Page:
Entertainment is still a very major part of one’s personal life. As the nursery rhyme says, “All work and no play make Jack a dull boy.” In fact, carving out downtime is crucial in keeping productivity levels high. This is why major companies like Google and Facebook make it a point to ensure that their employees get some downtime.
Of course, one pastime is universal: TV-watching. And if you’re a geek, we’re sure you have your geeky sitcom favorites. For most, The Big Bang Theory is the go-to geek sitcom. Even if you’re not a nerd or a geek, “funny” is always universal.
But for the quintessential tech geek, there may be a couple of niche sitcoms that you should watch if you haven’t discovered them yet.
John Reese, played by Jim Caviezel, is James Bond, amplified. Along with his boss, Harold Finch (Michael Emerson), they and their team take on threats as big as, or even bigger than New York. Aside from his skill at wielding gadgets in order to get the job done, he also kicks butt mano y mano. It’s the perfect mix of James Bond, CSI, and Big Brother, the book.
The premise of Person of Interest is simple: New York is in a state of 24/7 surveillance, and John Reese, as directed by his boss Harold Finch, fight to save people labeled as “Persons of Interest” by the central machine managing all the surveillance feeds in New York.
They run into, fight, or work with organized crime bosses, and they’re always on the run from the government that bought the Machine. Watch the cliff-hanging, nail-biting series as it takes you into a tangled web of high-tech surveillance, crime-solving, and an illustration of the potential omnipotence of Tech.
Think “28 Weeks” meets a standard zombie story. The premise is that an ancient evil is out to control the world by infecting people and turning all of them into zombies. The infection is spread through parasitic worms that get spread from person to person via biting, or if a worm manages to enter a wound. After a period of dormancy and seeming death, the human is turned into a zombie.
The cast of protagonists features a CDC team of doctors, Dr. Ephraim Goodweather and Dr. Nora Martinez, a holocaust survivor and sworn zombie fighter, Abraham Setrakian, a rat exterminator, Vasiliy Fet, a computer hacker, Dutch Velders, Dr. Goodweather’s son, Zach Goodweather, Dr. Martinez’s mother, Mariela Martinez, and a hodgepodge of protagonists and antagonists that make the pre-apocalyptic scenes a series of interesting messes.
The Strain tries to make a pre-apocalyptic zombie story a little more believable, by turning it into an infectious disease. The back story of the ancient evil’s first appearances being set into the Holocaust milieu was also an interesting touch. However, no thanks to the elements of the “ancient evil,” zombies, and another story arc on the quest for immortality, The Strain instead gives you an attempt at making a zombie story more sci-fi-ish and with touches of history and medical drama.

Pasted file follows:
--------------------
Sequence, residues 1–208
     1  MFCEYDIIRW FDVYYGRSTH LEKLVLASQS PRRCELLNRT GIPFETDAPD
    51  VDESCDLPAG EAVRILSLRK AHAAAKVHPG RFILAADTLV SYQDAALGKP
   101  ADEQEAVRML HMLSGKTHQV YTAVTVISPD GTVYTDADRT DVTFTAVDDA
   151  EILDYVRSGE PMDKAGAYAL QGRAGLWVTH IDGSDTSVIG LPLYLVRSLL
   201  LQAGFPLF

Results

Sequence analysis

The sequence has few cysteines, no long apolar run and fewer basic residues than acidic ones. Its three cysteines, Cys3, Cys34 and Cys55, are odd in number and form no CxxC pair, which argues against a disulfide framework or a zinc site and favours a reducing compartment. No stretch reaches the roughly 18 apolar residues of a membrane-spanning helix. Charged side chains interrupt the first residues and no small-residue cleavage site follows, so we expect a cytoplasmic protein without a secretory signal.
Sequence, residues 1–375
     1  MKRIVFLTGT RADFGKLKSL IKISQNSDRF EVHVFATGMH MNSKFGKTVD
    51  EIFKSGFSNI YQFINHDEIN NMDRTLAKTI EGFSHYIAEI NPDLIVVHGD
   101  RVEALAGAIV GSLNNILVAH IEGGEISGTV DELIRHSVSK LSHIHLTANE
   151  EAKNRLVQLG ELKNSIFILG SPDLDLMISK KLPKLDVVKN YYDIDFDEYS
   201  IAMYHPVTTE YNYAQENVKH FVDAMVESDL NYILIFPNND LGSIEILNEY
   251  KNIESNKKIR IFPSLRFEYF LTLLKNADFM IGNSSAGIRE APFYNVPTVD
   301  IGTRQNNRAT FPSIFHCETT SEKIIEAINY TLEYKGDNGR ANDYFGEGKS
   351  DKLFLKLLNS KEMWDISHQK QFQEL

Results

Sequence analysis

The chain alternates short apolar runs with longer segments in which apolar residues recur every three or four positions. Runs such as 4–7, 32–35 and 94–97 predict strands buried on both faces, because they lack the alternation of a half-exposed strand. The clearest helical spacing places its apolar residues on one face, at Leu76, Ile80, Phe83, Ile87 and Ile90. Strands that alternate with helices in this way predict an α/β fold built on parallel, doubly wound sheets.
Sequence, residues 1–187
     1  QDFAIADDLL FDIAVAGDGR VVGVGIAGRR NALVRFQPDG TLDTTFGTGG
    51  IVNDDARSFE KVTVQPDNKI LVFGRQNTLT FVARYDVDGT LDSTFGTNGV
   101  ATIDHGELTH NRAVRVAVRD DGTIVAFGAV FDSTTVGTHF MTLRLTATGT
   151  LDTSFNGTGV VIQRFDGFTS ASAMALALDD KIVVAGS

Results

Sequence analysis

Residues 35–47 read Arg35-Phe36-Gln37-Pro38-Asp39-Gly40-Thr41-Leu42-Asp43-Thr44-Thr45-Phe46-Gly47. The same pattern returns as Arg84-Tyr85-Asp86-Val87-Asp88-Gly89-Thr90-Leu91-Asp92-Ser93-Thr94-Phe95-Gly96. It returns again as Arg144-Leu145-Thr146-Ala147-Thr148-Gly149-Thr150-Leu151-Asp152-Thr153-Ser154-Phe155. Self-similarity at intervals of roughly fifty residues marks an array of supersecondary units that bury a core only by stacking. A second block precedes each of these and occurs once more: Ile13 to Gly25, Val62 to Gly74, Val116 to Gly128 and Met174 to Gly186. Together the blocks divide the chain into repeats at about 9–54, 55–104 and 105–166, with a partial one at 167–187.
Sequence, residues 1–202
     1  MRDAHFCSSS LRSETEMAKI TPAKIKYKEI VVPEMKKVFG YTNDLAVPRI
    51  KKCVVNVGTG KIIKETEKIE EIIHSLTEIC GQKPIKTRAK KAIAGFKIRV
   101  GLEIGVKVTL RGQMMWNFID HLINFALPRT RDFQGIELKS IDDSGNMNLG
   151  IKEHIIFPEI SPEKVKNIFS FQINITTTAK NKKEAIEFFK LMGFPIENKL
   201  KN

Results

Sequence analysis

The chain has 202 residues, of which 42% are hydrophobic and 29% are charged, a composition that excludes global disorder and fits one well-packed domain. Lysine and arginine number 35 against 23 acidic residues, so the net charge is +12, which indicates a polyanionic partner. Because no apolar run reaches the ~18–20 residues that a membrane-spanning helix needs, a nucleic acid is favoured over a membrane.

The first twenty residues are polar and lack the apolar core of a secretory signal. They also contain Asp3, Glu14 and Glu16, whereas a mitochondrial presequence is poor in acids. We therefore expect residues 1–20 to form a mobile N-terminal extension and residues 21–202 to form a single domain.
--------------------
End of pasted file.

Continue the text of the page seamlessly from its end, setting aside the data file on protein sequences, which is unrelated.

I’m not sure how the series registers in your brain, but when I personally got over the confusion, the bottom line was that it was pretty entertaining. I can’t wait to watch more episodes.
Another take on the viral-outbreak-creates-immortal-creatures, Helix was a Syfy production that was canceled after just two seasons. The two seasons that made it through production and onto airing are still worth a binge-watch for a weekend or two.
The premise is that a team of CDC doctors were called to an Antarctic research facility, in order to investigate a viral outbreak. One of the infected is a brother of one of the doctors on the CDC team. What results is an ever-degenerating mess that includes the infection spreading through the CDC team and the rest of the research facility, and the revelation of why the viruses were created in the first place.
Helix is a lot more claustrophobic and focused than The Strain. The scenery has more machines and has more of blue-tinged foreboding, as opposed to The Strain’s amber-tinged scenery. Personally, Helix feels more suspenseful but sad, while The Strain feels a lot angrier and chaotic. In Season Two, Helix moves to a different setting, but the feel is similar: Lonely, monochromatic, and claustrophobic. Since the setting is a remote island, the scenery may remind you of documentary scenes from the island of Poveglia, where plague victims were quarantined.
Depending on your definition of “gross,” the infection’s symptoms in Helix may be a lot more tolerable to watch than the infection in The Strain. There are no worms, but the blood in infected victims is black. The victims turn into hairless creatures, and nerves pop out of their clammy, almost-translucent skin. So whether you can stomach worms or black blood and hairless creatures is really up to you.
The only sad part about Helix is the fact that it was canceled after two seasons.
These TV series are not reminiscent of The Big Bang Theory in that these are far more serious and deal with more macabre themes. Whether it’s the thought of 24/7 surveillance that scares you, or the thought of biomedical threats sweeping across the world, these series play on fears of the future. It makes for entertainment that shows you what cool things the future of tech can bring, tickles you with the possibilities of the future, but at the end of each episode, haunts you.
As they say, if art doesn’t leave you thinking or asking questions, it’s not art at all; these three geeky sci-fi thrillers leave you thinking, not thinking, staring into space, or at the very least, scratching your head, going, “WTF was that?!”